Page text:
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From: me22 (me22.ca_at_[hidden])
Date: 2005-12-15 23:49:03

Hi all,

The discussion a little bit ago regarding using path's grammar in a
custom virtual filesystem reminded me of my experience when I made a
simple unpacking program using boost::filesystem::path. One thing
that wasn't as trivial as I might have liked was descending
recursively down the internal hierarchy.

It would have been nice to have head() and tail() decomposition
functions ( though with possibly better names ) analogous to the
branch_path() and leaf() functions, but for the front of the path.
That way I could have simply looked for the head() element at the
current level and recursed with tail(). ( Though I ended up doing it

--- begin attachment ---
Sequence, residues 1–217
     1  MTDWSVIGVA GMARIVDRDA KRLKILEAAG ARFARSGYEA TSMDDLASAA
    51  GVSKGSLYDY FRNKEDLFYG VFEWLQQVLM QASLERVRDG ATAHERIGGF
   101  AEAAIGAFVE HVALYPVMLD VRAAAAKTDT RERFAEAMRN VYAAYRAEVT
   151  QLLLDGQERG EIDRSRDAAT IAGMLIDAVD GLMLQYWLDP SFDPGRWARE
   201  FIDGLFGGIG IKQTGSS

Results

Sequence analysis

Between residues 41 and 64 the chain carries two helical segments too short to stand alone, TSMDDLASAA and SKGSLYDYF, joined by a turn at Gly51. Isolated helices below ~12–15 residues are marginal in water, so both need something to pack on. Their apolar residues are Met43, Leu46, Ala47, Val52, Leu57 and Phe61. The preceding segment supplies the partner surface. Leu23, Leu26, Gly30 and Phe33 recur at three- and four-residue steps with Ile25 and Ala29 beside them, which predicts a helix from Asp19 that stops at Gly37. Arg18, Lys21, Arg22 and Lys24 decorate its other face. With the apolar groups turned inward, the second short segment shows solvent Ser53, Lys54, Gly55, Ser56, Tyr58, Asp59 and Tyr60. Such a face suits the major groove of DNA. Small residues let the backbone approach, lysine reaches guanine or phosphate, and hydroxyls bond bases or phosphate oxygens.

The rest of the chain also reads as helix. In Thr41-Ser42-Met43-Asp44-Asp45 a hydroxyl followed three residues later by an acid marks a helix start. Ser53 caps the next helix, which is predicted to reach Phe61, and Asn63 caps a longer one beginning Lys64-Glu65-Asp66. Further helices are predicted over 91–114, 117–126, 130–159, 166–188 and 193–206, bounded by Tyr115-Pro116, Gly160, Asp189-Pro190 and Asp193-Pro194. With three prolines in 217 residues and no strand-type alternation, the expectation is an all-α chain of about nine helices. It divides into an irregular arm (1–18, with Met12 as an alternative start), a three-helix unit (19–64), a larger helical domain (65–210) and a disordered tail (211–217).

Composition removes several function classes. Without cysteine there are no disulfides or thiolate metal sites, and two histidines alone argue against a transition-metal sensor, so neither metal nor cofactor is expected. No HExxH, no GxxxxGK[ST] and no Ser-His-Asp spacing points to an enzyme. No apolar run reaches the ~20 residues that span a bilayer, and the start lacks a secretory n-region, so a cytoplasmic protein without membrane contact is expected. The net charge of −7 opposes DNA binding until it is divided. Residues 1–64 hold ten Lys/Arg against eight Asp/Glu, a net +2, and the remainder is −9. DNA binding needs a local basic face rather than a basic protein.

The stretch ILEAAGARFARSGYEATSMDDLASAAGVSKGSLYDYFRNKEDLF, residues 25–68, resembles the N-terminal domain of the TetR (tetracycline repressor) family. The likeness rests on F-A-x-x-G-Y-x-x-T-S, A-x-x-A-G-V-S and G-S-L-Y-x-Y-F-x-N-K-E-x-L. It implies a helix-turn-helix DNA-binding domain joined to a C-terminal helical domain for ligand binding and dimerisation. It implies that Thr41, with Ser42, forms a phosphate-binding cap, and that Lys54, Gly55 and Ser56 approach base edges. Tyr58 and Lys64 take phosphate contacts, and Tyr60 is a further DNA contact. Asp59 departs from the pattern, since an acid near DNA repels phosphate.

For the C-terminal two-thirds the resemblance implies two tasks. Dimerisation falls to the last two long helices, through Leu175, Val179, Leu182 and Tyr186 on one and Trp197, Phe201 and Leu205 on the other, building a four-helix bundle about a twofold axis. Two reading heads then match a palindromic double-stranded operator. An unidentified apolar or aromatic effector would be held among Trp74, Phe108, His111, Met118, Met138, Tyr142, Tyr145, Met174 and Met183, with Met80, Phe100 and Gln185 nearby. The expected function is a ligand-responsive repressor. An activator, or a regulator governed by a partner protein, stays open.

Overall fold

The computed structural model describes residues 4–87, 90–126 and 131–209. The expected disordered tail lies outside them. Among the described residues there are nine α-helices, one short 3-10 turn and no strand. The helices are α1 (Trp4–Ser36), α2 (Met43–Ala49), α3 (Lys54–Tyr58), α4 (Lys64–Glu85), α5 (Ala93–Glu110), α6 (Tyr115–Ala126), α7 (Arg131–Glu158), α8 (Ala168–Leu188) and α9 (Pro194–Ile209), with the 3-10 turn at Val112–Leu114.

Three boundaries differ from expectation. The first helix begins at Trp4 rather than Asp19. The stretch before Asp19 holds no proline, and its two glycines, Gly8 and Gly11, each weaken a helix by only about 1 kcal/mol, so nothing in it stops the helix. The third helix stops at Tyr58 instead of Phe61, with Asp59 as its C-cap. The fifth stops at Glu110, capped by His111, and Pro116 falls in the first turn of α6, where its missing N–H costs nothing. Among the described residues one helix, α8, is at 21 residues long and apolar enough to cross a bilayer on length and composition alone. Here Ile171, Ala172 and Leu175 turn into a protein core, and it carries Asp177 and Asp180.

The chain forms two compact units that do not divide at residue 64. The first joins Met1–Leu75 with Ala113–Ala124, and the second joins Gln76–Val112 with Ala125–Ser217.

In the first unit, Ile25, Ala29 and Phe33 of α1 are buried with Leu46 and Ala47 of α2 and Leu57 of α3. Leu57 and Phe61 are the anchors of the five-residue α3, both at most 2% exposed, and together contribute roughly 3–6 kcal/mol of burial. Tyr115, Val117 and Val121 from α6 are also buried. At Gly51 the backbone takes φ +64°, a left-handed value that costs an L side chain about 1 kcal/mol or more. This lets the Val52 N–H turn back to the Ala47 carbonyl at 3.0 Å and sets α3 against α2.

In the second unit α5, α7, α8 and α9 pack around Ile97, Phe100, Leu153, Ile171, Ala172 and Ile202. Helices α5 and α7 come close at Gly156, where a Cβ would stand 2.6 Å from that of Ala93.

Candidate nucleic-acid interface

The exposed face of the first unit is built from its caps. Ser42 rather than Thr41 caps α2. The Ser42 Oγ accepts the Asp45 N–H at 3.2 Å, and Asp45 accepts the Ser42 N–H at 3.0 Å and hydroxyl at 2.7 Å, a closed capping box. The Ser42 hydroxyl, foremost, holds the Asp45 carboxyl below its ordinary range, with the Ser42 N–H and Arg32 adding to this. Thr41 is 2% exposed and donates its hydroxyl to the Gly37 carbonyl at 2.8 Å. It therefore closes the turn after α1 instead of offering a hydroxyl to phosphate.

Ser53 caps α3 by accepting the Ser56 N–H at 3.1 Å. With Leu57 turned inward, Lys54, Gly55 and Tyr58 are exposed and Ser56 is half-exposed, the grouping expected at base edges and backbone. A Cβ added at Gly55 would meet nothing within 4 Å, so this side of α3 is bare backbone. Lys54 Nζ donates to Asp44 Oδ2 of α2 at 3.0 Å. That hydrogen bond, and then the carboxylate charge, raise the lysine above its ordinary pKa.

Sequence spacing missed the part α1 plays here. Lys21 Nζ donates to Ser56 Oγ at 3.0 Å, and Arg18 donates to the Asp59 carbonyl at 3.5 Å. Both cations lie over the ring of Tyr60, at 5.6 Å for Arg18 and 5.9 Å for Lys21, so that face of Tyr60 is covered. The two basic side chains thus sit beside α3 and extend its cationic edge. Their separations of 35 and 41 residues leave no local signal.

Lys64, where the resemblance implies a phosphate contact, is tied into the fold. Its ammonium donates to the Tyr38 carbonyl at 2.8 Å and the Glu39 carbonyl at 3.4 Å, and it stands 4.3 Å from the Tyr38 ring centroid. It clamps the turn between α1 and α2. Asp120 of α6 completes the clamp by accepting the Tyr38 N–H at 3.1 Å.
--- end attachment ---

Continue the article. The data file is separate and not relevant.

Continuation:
by having my get_file function delegate to one that worked with an
iterator range, which is more efficient, but... )

The implementation is, of course, fairly trivial, something along the
lines of the following:
std::string path::head() {
    if ( empty() ) return std::string();
    return *begin();
path path::tail() {
    if ( empty() ) return path();
    return std::accumulate( next(begin()), end(), std::divides<path>() );
And the obvious has_head() and has_tail().

The usage would be something similar to:
file &directory::get_file(boost::filesystem::path p) {
    if ( !p.has_tail() ) return files[ p.head() ];
    return subdirectories[ p.head() ].get_file( p.tail() );
Assuming appropriate ( not part of boost ) directory and file classes.

Opinions? Interest?

- Scott McMurray

P.S. I'm particularly fond of the accumulate/divides hack :P

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